The word Hapkido consists of three words from the Korean language. The first word, Hap means to combine, coordinate, or make one. This combining or harmonizing is part of what makes Hapkido such a versatile and effective martial art. Hap refers to the ability to harmonize with an opponent’s energy, momentum, weight, speed, strength, and angle of attack. Through effective timing, rhythm, body mechanics and movement students learn to overcome a larger, stronger, or even faster opponent.

The second term, Ki identifies the power that pervades the universe, and has been defined as mind, spirit, heart, or breath depending upon the context in which it is used. Ki is a form of vital energy, representing the life force and a source of internal strength. Ki development through the unification of mind, body, and breath is an essential element of Hapkido.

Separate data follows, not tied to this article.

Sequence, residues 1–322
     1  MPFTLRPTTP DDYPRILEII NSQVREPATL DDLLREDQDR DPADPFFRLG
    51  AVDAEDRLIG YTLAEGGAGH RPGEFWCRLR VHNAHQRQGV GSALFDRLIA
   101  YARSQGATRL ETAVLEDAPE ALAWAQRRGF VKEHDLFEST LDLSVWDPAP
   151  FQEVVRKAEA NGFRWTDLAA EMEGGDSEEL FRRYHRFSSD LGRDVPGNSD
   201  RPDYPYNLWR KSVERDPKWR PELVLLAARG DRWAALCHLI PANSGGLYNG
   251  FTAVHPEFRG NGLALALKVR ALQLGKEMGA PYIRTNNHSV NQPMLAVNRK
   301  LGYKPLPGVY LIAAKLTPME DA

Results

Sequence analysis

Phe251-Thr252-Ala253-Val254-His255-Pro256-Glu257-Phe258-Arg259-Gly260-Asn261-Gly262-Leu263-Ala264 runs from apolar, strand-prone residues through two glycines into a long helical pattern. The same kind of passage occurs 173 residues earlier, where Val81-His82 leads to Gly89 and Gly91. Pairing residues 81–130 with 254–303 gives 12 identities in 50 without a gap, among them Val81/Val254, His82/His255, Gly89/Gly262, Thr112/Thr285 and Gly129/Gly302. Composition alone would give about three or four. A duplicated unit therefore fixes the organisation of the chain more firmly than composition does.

The third word, Do means the way or the path. This term implies a journey or the pursuit of a particular lifestyle, philosophy, or discipline. Such a journey requires dedication to finding harmony and peace among one’s fellow man and with the very forces and rhythms of the universe.

Jang Mu Won Hapkido has three major principles which serve as the foundation of the art and which are manifested in defensive techniques: the Water principle, the Circle principle, and the Harmony principle.